Taking a look at the creation of greenhouse gasses

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Cows in a field.
The owners of Misty Valley Farm, in Carrollton, Ohio, milk 43 cows and sell the milk to Horizon Organic. (Sarah Donaldson photo)

It’s that time of the year during family gatherings and the consumption of a lot of food when everyone in the room is trying to avoid the stench that just overpowered the space. The smell becomes so strong that some individuals try to gently move to other areas of the house in hope of finding more appealing inhalable air. 

Then, one of the most outspoken family members, unless it was caused by them, says, “OK, who passed the gas?” Everyone stops and looks at each other and the guilty one tries to fake the shame of the call out. 

This is somewhat how those of us connected with agriculture feel at times from accusations of large contributions to greenhouse gas production. GHG and climate change are constantly before us in the news, political agendas and environmental sustainability discussions. The three primary GHG are carbon dioxide, methane (CH4), and nitrous dioxide. 

It has been estimated that agriculture contributes about 10% to the total GHG production in the U.S. 

Based on life cycle assessment, reduction in CH4 production from enteric fermentation and manure provides the greatest opportunity for reducing GHG production from the dairy industry. 

In the December 2022 issue of the Journal of Dairy Science, Karen Beauchemin from Agriculture and Agri-Food Canada, Lethbridge, Alberta, and co-authors published an article on the “Current Enteric Methane Mitigation Options” for ruminant livestock. 

In the article, the following options were discussed:

1. Increased animal productivity: Increased output per unit of input can lead to reduced CH4 per unit of product. This efficiency has been achieved through improved feeding practices, animal management, improved animal health and comfort, genetic advancement and better reproductive performance. 

2. Selection of low-methane-producing animals: Individual differences in CH4 production exist among animals within the same herd and with the same feeding management, but heritabilities of CH4 production are low to moderate in dairy cattle. The use of this strategy to lower CH4 production is challenging because of the difficulty in measuring methane production or developing practical proxies for prediction of CH4 production and the possible existence of undesirable associations between CH4 production and animal productivity.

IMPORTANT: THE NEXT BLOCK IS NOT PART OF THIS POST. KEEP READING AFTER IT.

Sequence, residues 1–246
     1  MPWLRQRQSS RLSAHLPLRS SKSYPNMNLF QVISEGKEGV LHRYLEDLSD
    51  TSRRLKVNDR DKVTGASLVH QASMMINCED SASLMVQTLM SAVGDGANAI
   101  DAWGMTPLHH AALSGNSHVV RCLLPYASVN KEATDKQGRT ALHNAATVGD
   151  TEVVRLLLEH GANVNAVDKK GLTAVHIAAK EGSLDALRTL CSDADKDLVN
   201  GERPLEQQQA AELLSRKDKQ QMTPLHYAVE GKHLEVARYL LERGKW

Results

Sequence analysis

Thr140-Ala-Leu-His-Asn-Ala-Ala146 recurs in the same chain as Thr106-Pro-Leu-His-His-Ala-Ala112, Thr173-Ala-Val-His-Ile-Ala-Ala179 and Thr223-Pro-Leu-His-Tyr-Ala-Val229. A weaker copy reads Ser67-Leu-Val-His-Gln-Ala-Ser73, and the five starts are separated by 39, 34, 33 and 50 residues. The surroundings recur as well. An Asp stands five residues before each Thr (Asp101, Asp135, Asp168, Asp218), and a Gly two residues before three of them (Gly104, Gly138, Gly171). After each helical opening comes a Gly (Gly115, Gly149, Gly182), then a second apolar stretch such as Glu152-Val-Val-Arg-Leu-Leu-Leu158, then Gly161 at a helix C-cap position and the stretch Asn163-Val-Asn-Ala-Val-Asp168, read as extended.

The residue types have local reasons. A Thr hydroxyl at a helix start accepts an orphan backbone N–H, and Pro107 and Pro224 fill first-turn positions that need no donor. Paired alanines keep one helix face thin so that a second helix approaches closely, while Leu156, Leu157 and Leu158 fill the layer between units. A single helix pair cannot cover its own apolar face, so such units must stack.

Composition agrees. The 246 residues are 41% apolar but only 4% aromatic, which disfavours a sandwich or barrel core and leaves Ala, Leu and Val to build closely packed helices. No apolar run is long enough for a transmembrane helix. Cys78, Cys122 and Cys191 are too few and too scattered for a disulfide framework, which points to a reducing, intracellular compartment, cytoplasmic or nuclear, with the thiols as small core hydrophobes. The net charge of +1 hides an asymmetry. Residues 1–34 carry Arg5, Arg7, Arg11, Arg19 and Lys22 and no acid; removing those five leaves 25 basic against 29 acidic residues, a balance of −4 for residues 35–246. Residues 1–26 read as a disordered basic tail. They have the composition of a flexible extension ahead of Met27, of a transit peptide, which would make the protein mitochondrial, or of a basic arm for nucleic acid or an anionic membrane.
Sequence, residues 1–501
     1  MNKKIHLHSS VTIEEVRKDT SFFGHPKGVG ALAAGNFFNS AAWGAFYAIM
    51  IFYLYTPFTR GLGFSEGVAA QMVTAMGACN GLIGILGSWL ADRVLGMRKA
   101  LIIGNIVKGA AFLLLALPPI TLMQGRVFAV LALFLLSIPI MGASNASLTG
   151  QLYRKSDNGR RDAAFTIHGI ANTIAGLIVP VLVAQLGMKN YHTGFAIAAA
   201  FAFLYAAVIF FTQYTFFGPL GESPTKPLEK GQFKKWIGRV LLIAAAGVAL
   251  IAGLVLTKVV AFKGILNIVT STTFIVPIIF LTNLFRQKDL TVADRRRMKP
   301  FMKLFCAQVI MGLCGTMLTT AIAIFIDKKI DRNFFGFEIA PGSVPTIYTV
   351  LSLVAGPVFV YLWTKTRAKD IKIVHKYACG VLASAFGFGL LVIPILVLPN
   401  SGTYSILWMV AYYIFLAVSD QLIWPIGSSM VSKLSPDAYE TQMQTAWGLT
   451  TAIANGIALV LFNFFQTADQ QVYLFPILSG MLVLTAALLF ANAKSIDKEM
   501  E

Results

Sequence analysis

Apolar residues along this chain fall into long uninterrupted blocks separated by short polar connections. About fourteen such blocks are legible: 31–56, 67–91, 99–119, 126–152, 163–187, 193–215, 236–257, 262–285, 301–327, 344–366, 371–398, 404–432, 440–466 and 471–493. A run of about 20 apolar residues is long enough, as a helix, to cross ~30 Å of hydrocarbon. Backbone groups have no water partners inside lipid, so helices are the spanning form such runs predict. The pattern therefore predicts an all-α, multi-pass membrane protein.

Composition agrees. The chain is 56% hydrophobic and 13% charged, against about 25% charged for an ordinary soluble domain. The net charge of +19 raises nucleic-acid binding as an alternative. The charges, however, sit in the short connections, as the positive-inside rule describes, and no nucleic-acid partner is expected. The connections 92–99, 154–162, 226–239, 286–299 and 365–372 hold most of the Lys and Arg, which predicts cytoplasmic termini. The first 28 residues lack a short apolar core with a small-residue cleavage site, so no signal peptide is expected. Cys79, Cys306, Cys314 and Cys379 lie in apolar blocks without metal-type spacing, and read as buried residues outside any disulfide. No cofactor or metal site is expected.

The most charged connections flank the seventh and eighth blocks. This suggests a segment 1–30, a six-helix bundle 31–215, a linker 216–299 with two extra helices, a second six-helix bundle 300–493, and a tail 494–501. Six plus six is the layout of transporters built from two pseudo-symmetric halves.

3. Diet reformulation: a) It is well established that levels, source and processing of feeds can affect CH4 production by changes in rate of feed passage from the rumen, digestibility and impact microbial populations; however, the result is not always positive, especially when viewed in context of a LCA. b) Dietary lipid supplementation has been shown to decrease CH4 production by the replacement of starch and with direct impacts on the microbial population. However, the impact on CH4 and the animal’s performance varies with level and source of fat supplementation. 

4. Forage system: Forage production systems are highly variable and dependent upon farm site conditions (e.g., soil type and fertility, water and climate) and management practices. Factors focused on in the article included digestibility; use of perennial legumes, high-starch (e.g. corn or small grain) forages or high-sugar grasses; pasture management, and forage preservation and processing. These factors may affect forage yield and nutritive value, carbon storage in soils, animal performance, manure excretion and ultimately, GHG emissions. 

Therefore, in all cases, a change in forage management to decrease enteric CH4 emissions needs to be assessed using regionally specific farm-level LCA that account for changes in forage and animal productivity, as well as emissions and sinks from all components of the farming system, including soil carbon. 

5. Action on the ruminal fermentation: Research with various additives have revealed some promise of reducing CH4 production or intensity, including ionophores, 3-nitrooxypropanol, macroalgae (seaweeds), alternative electron acceptors (e.g. fumarate, malate and nitrate), essential oils, tannins and saponins, and direct-fed microbials. 

Research continues on various approaches for reducing CH4 production, capturing CH4 on the farm and effectively utilizing the captured CH4. Mitigation strategies for CH4 production yet in early developmental stages include immunization against methanogens, early-life interventions to modify the microbiota in a manner that decreases CH4 emissions later in life, feeding enzymes with activity against methanogen cell walls, elimination of ruminal protozoa, and using a device that attaches to animals to collect CH4 and oxidize it. 

All of the aspects discussed in this article have potential interest to farmers as they strive to reduce the carbon footprint of dairy production and gain financially from carbon credits.

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